After flirting with the idea of demanding a recount for the District 7 supervisorial election that was decided by just 132 votes, labor leader F.X. Crowley and his backers stood down on Monday, citing costs.
On Friday, Department of Elections Director John Arntz provided recount proponents with the estimated cost of recounting District 7’s 31,334 ballots, which led to school board President Norman Yee’s 132-vote victory over Crowley in the nine-candidate contest. Read More
Supporters of labor leader F.X. Crowley have set in motion a recount of the vote tally that made Board of Education President Norman Yee win the District 7 seat on the Board of Supervisors by 132 votes.
But while Crowley supporters say the margin of victory is close enough to justify a recount, they are not so sure they will actually follow through on their request for one. That will depend on how much Department of Elections Director John Arntz says it would cost. Read More
Board of Education President Norman Yee declared victory Thursday in one of the closest recent contests for a seat on the Board of Supervisors, but the second-place finisher has not ruled out requesting a recount. After an arduous 10 days of vote counting, Yee emerged as the winner of the nine-candidate District 7 battle by 131 votes to serve as successor to termed-out Supervisor Sean Elsbernd. The district includes the neighborhoods west of Twin Peaks. Read More
Even though eight days have passed since the election, no one is declaring victory in the District 7 Board of Supervisors race.
The latest vote tally released Tuesday by the Department of Elections shows school board President Norman Yee leading labor leader F.X. Crowley by a margin of 102 votes under The City’s ranked-choice voting system. Read More
With nude protests at City Hall and a steady stream of consumer-product bans, it’s not a stretch to say that San Francisco’s politics are unconventional. But this year’s supervisorial races added a new chapter — with a moderate Democrat and former Willie Brown protege winning one of The City’s most leftist districts, and a progressive candidate narrowly leading the most conservative district.
London Breed pulled off a shocker last week when she beat out a cavalcade of progressives in District 5, which includes the Fillmore, Western Addition and the former hippie haven of Haight-Ashbury. In a race that pitted a bevy of left-leaning politicians against each other in a contest to determine who was a “true progressive,” none of them will end up on the 11-member board.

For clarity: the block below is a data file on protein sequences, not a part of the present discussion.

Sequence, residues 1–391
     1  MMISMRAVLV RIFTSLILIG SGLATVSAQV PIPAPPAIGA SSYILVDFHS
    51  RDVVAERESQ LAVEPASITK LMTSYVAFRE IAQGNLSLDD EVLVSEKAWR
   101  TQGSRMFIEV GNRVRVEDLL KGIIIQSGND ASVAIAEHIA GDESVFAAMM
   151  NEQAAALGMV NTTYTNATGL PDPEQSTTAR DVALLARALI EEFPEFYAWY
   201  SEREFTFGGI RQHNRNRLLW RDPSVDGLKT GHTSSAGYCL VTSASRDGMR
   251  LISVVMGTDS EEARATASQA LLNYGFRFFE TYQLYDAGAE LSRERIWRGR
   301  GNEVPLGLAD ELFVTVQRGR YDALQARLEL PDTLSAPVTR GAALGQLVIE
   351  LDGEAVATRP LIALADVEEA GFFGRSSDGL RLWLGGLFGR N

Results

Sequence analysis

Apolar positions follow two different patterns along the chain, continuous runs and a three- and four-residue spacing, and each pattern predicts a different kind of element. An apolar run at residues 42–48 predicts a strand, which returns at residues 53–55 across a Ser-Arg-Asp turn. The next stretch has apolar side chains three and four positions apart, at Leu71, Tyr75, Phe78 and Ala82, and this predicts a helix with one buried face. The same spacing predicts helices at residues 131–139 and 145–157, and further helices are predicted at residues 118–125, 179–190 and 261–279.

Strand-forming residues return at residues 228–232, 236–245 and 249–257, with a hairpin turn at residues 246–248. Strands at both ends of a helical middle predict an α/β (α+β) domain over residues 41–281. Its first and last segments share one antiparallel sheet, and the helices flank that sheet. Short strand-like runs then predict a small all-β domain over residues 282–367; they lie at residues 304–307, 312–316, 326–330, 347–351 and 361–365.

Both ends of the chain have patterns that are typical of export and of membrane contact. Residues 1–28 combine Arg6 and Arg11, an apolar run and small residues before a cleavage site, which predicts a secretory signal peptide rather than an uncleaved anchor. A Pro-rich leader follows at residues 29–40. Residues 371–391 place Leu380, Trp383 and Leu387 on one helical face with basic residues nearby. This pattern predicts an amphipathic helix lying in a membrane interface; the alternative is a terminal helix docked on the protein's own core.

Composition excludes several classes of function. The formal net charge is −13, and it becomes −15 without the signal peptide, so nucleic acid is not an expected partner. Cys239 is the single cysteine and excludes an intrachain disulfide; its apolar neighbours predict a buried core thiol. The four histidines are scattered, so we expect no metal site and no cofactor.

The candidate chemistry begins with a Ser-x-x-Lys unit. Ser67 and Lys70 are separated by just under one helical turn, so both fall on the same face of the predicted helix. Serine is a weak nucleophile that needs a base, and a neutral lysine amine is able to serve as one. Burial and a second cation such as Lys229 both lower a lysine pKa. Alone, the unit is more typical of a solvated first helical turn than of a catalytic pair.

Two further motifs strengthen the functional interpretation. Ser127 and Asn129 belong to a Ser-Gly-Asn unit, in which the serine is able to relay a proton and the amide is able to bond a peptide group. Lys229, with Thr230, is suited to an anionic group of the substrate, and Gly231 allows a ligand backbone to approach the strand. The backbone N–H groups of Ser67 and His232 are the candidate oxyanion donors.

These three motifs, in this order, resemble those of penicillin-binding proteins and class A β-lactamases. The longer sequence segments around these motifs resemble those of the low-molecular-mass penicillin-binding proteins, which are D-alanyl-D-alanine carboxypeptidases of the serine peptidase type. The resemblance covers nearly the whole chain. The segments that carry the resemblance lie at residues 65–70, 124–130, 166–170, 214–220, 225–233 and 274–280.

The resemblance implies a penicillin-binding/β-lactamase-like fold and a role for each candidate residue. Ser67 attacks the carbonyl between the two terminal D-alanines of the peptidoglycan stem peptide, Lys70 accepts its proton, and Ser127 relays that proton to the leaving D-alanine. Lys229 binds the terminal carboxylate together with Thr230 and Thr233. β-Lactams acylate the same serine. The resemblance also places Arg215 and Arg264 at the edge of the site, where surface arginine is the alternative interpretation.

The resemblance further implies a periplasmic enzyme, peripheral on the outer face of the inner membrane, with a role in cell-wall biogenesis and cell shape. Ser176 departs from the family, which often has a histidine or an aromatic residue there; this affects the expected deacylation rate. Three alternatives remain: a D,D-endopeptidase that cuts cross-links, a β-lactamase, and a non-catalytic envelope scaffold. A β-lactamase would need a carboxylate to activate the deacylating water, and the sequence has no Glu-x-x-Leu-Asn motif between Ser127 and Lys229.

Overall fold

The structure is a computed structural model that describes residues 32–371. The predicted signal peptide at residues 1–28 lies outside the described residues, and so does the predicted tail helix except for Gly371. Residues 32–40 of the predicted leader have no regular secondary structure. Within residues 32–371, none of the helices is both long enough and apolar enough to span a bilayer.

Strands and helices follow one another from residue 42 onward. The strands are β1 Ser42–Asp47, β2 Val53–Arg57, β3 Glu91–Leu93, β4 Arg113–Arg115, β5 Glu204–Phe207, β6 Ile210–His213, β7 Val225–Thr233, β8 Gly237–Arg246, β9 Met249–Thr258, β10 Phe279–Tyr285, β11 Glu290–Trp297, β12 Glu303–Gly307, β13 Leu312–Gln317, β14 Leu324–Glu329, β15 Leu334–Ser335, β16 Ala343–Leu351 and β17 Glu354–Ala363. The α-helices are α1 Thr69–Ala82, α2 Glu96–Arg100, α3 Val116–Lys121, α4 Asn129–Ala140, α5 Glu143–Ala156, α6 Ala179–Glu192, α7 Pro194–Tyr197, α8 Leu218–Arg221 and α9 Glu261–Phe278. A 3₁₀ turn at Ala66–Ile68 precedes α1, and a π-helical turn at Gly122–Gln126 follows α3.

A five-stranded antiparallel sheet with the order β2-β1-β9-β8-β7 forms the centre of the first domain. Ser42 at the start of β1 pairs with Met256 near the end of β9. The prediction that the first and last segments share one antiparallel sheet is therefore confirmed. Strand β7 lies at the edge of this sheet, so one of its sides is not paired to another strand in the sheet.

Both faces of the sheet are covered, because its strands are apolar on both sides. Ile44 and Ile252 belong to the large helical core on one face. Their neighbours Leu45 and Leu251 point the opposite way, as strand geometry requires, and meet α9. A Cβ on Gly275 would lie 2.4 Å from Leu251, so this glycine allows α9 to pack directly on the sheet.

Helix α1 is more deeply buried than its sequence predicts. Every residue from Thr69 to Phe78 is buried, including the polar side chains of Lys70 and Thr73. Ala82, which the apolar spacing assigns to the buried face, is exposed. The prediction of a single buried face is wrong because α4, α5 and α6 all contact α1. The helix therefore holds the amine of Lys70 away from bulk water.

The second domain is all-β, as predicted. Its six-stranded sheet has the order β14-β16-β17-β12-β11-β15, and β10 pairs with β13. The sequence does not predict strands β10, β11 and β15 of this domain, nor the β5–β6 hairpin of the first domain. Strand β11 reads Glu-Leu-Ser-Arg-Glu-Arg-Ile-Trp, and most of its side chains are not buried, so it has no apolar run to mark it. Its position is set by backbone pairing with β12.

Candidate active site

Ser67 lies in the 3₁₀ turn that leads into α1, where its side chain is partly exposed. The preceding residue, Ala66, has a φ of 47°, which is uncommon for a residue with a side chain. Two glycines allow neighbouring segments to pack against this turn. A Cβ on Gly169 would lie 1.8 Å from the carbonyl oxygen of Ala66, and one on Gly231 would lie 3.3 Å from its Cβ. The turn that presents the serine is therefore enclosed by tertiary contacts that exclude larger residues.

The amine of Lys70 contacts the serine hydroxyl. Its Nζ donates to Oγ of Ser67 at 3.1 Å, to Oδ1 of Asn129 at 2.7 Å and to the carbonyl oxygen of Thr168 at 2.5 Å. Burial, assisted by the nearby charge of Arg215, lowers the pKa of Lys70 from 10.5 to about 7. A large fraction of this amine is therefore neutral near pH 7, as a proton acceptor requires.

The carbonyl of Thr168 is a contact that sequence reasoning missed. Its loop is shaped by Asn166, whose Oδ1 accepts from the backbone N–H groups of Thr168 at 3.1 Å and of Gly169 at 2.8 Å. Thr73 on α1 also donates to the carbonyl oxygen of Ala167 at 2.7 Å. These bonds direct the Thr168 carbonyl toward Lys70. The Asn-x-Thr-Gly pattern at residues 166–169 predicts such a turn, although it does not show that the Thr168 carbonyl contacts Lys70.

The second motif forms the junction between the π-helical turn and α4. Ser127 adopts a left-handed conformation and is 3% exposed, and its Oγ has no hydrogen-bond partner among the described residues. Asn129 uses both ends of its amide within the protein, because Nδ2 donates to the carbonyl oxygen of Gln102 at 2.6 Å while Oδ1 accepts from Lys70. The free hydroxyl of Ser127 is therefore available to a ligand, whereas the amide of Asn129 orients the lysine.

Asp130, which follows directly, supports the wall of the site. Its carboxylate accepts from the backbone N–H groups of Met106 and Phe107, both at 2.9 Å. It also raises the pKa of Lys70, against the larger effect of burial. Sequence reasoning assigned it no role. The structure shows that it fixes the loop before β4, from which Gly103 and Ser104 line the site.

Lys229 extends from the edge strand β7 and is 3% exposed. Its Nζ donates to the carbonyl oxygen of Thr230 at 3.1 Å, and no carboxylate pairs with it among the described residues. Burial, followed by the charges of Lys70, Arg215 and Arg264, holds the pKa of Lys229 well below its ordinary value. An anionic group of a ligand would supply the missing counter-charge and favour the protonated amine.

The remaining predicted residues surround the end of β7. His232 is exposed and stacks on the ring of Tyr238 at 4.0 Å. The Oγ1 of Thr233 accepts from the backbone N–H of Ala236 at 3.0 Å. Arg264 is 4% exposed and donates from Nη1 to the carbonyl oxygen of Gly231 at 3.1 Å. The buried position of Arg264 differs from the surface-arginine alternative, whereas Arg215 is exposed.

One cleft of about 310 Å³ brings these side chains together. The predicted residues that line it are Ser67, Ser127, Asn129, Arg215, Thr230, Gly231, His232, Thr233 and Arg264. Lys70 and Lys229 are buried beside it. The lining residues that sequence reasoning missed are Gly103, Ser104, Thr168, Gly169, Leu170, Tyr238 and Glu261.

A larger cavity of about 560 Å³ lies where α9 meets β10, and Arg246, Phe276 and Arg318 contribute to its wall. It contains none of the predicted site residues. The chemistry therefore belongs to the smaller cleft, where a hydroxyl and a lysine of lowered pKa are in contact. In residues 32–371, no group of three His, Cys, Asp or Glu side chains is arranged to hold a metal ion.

School board President Norman Yee has taken a 33-vote lead in the race for the District 7 seat on the Board of Supervisors, although the contest is not yet over.
Yee had trailed labor leader F.X. Crowley last week, but took the lead Saturday as more votes were counted over the weekend. He retained that lead following Monday’s latest tally.
“It’s going in the right direction for me,” Yee said about Monday afternoon’s updated vote count. Read More
Labor leader F.X. Crowley retained a 98 vote lead over Board of Education President Norman Yee as more ballots were counted in the race for the District 7 seat on the Board of Supervisors.
Department of Election employees counted another 527 District 7 ballots on Friday, leaving about 3,700 votes still uncounted as of the weekend. Department staff intend to continue counting votes through the weekend and into next week. Read More
The outcome of the District 7 supervisorial election is far from resolved, after labor leader F.X. Crowley’s margin over his closest competitor decreased Thursday from 331 votes to just 97 after 3,400 additional ballots were counted.
The race appears to be a tossup between Crowley and Board of Education President Norman Yee, who is viewed as the more progressive of the two candidates. Read More
With about 90,000 San Francisco ballots still left to count, labor leader F.X. Crowley remains ahead of Board of Education President Norman Yee by a margin of only 331 votes in the battle for the District 7 supervisorial seat.
It is unclear how many District 7 ballots are left to be counted, but it’s in the thousands. Department of Elections Director John Arntz said most of those ballots will be counted by Saturday. The 24,000 provisional ballots cast by people whose names didn’t appear on city voter rolls need to be reviewed, and won’t be counted until Tuesday at the earliest.
When I first began writing about local politics, the Board of Supervisors was depressingly funny. There was former (and current) comedian Tom Ammiano, wry Aaron Peskin, “supervisor straitjacket” Chris Daly and the lovable, poetry-quoting Jake McGoldrick. But that was then. The class of 2010 has been relatively calm and grown-up, enjoying a decent working relationship with each other and with Mayor Ed Lee. Read More